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Grounds to impeach based on New Orleans: read this [View All]

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Liberty Belle Donating Member (1000+ posts) Send PM | Profile | Ignore Sat Sep-03-05 06:04 PM
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Grounds to impeach based on New Orleans: read this
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Well, well. Look at these arguments put forward for impeaching Clinton. The same could clearly be applied to Bush, who should be held responsible for failing to protect the people of New Orleans and failing to be sure that FEMA and others did their jobs. The fact that we still have thousands in the convention center with no food or water six days after the hurricane is just one example of the damning evidence that the federal govt -- of which Bush is in charge -- had a clear dereliction of duty. Comments?


From MIssing Grounds for Impeachment (Constitution Society)
http://www.constitution.org/cmt/impeach_grounds.htm

...the grounds for impeachment specified in the Constitution at Art. II Sec. 4, "Treason, Bribery, or other high Crimes and Misdemeanors", is not limited to criminal offenses against which there are laws. The phrase "high crimes and misdemeanors", as explained by Ann Coulter in her recent book entitled High Crimes and Misdemeanors, is a term of art that includes many offenses that are not criminally or civilly actionable but are, nevertheless, grounds for impeachment and removal from office. Many of those grounds survive today only in the Uniform Code of Military Justice, and include such things as dereliction of duty, moral turpitude, and conduct unbecoming which can adversely affect good order and discipline and bring discredit to the person, his office, his organization, and his country.

The duties of the president are provided in Art. II Sec. 1 Cl. 8, to "faithfully execute the Office of President of the United States" and to "preserve, protect and defend the Constitution of the United States" to the best of his ability. He is ultimately responsible for any failures of his subordinates or for their violations of the Constitution and the rights of persons committed by them. It is not necessary to be able to prove that such failures or violations occurred at his instigation or with his knowledge, to be able, in Starr's words, to lay them at the feet of the president. It is sufficient to show, on the preponderance of evidence, that the president was aware of misconduct on the part of his subordinates, and failed to do all he could to remedy the misconduct, including termination and prosecution of the subordinate and compensation for his victims or their heirs. His subordinates include everyone in the executive branch, and their agents and contractors. It is not limited to those over whom he has direct supervision. And he is not protected by "plausible deniability". He is legally responsible for knowing what everyone in the executive branch is doing.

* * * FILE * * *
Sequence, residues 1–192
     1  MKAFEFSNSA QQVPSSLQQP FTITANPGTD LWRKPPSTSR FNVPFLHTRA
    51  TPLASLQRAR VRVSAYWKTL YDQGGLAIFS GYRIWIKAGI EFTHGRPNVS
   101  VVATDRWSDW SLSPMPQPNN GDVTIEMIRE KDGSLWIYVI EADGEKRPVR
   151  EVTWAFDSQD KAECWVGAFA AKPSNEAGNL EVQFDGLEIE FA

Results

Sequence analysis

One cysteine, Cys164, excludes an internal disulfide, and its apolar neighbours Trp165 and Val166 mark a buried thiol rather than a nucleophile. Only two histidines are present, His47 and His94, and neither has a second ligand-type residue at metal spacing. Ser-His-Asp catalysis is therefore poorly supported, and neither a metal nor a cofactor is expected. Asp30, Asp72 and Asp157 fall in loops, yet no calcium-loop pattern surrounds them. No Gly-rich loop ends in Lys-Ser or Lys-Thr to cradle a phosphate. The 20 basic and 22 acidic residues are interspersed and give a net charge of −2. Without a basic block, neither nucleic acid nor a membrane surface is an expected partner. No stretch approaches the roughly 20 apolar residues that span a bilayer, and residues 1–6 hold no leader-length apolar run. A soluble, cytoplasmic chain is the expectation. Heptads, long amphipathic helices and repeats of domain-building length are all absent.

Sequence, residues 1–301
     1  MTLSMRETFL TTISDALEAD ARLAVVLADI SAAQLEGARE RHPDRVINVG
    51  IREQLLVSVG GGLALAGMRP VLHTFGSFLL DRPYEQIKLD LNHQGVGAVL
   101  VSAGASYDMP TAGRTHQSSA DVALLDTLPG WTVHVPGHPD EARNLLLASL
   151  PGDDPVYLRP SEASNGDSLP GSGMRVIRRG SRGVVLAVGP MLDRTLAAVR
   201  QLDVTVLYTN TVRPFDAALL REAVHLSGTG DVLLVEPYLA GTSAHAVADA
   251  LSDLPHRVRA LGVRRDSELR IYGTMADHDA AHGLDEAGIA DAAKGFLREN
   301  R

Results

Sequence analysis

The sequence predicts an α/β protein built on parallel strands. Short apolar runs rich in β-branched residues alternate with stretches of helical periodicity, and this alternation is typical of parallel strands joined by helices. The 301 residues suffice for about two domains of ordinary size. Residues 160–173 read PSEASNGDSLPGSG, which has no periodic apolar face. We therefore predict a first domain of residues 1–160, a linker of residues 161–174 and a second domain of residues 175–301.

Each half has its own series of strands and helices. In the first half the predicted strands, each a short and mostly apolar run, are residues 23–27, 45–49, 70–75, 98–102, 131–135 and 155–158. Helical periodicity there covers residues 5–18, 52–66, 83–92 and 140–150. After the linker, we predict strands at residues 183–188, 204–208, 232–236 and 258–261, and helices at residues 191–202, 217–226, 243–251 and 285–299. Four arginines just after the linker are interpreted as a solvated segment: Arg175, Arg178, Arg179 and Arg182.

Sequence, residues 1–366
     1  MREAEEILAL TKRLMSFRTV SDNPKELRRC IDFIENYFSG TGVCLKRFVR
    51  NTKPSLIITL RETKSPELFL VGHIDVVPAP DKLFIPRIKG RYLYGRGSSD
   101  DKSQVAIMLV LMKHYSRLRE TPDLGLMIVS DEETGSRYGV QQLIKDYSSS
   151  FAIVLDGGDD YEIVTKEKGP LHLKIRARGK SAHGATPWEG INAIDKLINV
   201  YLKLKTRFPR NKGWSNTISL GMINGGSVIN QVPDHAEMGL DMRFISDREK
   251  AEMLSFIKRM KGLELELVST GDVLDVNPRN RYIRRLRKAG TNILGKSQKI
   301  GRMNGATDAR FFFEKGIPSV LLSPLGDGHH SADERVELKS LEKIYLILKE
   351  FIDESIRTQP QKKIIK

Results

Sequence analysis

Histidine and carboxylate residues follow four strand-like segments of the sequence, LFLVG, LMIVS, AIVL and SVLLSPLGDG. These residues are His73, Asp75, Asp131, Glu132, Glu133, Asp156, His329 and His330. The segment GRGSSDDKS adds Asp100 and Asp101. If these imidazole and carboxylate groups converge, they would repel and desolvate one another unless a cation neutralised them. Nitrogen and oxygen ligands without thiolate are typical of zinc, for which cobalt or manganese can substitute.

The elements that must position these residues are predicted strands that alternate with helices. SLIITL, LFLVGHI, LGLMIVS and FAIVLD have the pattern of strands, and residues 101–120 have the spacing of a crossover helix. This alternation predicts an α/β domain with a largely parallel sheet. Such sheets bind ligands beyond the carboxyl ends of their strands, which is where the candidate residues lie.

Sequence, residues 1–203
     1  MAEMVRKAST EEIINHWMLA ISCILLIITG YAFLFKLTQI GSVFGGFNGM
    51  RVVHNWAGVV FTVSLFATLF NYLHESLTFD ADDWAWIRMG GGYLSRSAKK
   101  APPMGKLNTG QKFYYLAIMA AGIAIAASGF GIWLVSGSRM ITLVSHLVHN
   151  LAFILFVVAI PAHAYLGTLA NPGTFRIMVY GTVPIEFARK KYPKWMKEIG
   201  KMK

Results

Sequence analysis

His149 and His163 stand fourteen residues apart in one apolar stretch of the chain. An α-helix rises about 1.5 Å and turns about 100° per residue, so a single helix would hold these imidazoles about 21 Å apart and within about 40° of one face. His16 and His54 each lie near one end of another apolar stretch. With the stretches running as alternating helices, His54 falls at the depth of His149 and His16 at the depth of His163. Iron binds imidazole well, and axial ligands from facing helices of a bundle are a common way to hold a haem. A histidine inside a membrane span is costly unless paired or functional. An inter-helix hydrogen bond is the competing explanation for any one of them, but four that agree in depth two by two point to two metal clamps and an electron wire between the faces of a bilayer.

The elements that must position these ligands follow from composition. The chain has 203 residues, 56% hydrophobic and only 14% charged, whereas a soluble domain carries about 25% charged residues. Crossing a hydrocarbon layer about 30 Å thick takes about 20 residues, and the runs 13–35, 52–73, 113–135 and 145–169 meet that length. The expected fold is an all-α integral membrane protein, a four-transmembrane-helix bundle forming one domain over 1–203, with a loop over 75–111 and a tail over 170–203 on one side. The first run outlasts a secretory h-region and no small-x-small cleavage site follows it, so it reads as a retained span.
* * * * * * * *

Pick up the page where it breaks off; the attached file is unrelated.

Some may object that under English law, from which we derive the phrase "high crimes and misdemeanors", things like dereliction of duty and moral turpitude were common law crimes, and that by U.S. v. Hudson (7 Cranch 32) we don't have common law crimes under U.S. law. It doesn't matter. If an official, any official, simply refuses to do his job, his refusal is not a ground for criminal prosecution or civil action, other than a writ of mandamus, but if he continues to refuse, then removal from office need not wait for the next election.

We can all provide a litany of offenses against the Constitution and against the rights of persons committed by federal officials and their agents which have not been adequately investigated or remedied. The massacre at Waco, the assault at Ruby Ridge, and many, many other illegal or excessive assaults by federal agents, and the failure of the president to take action against the offenders, is more than enough to justify impeachment and removal from office on grounds of dereliction of duty. To these we could add the many suspicious incidents that indicate covered up crimes by federal agents, including the deaths of Vince Foster, Ron Brown, Jim McDougal, and others knowledgeable of wrongdoing by the president...

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